The Herald made no mention of Salinas' ties to far-right and white supremacist groups. A Twitter thread posted Tuesday by Miami Against Fascism shows Salinas rallying with the Proud Boys, a neo-fascist group that promotes and perpetrates political violence, and Christopher Monzon, who allegedly assaulted anti-racist counterprotesters at the deadly 2017 Unite the Right rally in Charlottesville, Virginia.

Miami Against Fascism also posted video showing Salinas and members of the far-right group Moms for Liberty—a Florida-based pressure group sometimes referred to as "Klanned Karenhood" for its crusade ban books in schools across the United States—interrupting a July 2022 Miami school board meeting.

Salinas also shared social media posts promoting white supremacist and anti-Jewish conspiracy theories, including Protocols of the Elders of Zion.

The Miami Lakes school's restriction of Gorman's poem comes amid relentless attacks by Florida Gov. Ron DeSantis—who on Wednesday officially declared his candidacy for the 2024 Republican presidential nomination—and other GOP state officials on educational freedom from kindergarten through the university level.

DeSantis has replaced key state education officials with right-wing allies who toe his "anti-woke" line, and has been accused of stoking a climate of fear in which educators have removed books from classroom libraries to avoid running afoul of bans on titles dealing with race or LGBTQ+ issues.

Notable figures who rushed to defend Gorman include Miami-Dade Mayor Daniella Levine Cava, a Democrat, who invited the 25-year-old poet to recite The Hill We Climb before a public audience, and the ACLU, which tweeted: "Schools should be fostering growth and the exchange of ideas—not preventing students from learning and understanding different perspectives."

"These unnecessary book bans join a host of other attempts to silence us," the civil liberties group added. "We must fight back."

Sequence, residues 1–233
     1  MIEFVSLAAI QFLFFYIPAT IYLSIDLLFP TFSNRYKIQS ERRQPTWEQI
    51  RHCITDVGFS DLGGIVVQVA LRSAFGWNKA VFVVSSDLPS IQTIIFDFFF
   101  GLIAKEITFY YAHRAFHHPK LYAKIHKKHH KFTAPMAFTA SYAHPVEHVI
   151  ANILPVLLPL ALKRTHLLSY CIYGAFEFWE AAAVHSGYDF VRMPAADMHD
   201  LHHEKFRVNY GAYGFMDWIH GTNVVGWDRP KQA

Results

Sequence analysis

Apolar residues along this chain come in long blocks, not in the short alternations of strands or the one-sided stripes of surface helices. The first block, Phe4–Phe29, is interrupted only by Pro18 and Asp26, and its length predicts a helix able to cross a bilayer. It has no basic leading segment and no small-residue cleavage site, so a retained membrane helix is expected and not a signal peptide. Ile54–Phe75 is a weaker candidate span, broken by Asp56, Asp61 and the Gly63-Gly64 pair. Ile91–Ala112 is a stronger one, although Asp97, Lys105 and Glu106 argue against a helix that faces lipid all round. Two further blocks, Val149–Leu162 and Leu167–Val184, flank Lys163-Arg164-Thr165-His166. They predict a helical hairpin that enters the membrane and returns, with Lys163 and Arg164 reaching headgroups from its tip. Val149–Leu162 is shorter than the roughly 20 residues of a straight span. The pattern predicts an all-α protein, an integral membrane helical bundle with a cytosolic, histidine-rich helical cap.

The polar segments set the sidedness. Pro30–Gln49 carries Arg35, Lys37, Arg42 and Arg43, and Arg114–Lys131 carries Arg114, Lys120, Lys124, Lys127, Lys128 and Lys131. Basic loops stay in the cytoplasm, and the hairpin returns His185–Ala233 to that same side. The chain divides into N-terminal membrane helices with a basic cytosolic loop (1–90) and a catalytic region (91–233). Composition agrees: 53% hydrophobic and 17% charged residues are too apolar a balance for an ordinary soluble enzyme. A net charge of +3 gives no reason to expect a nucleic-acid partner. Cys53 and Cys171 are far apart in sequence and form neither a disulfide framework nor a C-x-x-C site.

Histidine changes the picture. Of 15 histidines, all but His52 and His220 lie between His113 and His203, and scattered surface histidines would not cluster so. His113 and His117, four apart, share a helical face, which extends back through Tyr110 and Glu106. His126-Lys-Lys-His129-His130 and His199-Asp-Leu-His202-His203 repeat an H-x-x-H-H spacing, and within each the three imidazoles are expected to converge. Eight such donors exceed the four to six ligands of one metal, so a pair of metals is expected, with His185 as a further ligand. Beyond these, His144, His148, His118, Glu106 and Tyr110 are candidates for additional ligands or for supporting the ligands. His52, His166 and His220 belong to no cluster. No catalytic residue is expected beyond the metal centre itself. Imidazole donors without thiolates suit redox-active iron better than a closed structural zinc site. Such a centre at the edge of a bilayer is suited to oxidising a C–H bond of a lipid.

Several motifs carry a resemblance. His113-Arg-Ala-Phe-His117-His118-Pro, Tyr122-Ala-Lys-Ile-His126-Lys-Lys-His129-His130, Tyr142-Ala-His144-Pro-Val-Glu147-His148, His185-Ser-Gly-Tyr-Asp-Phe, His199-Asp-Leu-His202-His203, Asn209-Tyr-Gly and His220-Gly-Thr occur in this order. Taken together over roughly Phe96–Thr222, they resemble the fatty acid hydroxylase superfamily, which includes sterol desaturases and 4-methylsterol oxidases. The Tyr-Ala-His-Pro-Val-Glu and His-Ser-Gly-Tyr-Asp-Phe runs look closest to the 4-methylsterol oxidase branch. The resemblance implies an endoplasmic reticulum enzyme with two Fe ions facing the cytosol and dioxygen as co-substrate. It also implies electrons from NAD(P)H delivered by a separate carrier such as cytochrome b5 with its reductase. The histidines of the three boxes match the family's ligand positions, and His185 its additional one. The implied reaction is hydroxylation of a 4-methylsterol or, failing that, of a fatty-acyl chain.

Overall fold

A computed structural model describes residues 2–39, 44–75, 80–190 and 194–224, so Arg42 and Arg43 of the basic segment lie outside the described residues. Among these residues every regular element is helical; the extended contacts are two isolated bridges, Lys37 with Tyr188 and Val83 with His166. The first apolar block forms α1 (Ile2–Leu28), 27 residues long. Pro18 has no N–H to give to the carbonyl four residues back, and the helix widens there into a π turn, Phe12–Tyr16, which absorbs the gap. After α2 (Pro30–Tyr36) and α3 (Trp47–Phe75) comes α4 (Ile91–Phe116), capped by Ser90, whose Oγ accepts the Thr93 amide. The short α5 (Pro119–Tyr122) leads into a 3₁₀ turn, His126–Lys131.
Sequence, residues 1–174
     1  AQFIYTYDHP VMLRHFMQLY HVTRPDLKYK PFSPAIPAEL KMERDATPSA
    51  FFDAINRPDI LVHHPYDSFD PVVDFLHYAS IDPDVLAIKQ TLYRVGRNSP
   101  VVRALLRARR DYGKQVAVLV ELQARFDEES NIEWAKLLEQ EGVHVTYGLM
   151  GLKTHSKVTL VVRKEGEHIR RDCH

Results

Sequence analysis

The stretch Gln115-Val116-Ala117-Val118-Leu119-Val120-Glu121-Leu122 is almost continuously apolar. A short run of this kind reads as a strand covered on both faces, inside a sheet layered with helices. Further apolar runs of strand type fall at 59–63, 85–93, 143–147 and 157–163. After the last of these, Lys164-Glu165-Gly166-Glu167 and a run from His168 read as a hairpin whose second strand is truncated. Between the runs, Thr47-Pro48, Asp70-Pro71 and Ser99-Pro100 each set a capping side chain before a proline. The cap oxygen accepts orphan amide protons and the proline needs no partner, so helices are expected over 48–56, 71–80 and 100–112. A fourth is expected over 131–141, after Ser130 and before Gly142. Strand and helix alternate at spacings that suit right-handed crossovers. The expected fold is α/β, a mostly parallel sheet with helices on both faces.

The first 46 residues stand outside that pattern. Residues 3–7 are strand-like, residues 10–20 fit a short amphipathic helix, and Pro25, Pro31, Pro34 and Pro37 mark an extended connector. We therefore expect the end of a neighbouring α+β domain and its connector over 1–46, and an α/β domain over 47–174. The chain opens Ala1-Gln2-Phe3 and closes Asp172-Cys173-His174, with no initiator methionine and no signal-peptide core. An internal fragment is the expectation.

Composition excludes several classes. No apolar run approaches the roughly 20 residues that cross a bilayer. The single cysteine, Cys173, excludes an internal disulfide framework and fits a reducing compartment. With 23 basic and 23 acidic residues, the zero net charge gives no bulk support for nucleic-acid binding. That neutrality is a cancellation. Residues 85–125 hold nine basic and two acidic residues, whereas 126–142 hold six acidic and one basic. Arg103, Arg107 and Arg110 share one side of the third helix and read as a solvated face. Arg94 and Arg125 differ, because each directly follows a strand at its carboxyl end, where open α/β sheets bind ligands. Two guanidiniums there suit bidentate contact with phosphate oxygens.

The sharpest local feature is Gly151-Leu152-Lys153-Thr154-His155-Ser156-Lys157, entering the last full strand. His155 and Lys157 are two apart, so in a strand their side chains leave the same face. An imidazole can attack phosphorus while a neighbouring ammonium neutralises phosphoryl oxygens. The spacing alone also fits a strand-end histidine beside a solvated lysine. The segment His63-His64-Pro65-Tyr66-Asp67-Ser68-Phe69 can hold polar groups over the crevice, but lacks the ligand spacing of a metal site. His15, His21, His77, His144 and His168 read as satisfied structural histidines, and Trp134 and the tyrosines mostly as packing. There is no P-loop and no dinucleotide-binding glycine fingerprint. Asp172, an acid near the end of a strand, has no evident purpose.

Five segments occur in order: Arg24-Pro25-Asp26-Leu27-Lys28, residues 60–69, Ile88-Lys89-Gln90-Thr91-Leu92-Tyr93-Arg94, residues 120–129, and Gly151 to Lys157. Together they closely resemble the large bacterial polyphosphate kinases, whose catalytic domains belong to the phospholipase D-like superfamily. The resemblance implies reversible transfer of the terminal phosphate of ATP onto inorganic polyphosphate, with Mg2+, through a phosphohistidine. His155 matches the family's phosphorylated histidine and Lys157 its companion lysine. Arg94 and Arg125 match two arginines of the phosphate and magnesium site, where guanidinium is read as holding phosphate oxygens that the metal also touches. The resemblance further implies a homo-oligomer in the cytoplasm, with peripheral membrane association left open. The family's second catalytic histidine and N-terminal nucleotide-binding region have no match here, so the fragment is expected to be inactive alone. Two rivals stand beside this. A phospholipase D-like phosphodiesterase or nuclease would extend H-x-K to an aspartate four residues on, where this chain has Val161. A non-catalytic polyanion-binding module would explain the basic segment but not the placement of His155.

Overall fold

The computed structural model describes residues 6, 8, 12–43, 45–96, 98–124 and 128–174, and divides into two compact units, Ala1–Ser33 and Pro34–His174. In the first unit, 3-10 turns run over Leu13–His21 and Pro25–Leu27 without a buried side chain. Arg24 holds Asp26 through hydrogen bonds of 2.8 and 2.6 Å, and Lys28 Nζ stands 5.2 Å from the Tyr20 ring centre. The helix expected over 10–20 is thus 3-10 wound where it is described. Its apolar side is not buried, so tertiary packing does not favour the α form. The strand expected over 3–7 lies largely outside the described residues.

In her statement Tuesday, Gorman explained that "I wrote The Hill We Climb so that all young people could see themselves in a historical moment."

"Ever since, I've received countless letters and videos from children inspired by The Hill We Climb to write their own poems," she said. "Robbing children of the chance to find their voices in literature is a violation of their right to free thought and free speech."

"What can we do? We must speak out and have our voices heard," Gorman stressed. "That's why my publisher, Penguin Random House, joined PEN America, authors, and community members in a lawsuit in Florida's Escambia County to challenge book restrictions like these."

"Together this is a hill we won't just climb, but a hill we will conquer."

"Together this is a hill we won't just climb, but a hill we will conquer," Gorman asserted.

Gorman was referring to a lawsuit filed last week claiming Escambia County School Board book bans are unconstitutional.

"It's quite apparent what [book bans] are about: It's an effort to erase certain segments of our population, to marginalize particular stories, to prevent kids from seeing themselves in the books they find on the shelf," PEN America CEO Suzanne Nossel said during an interview on MSNBC last week.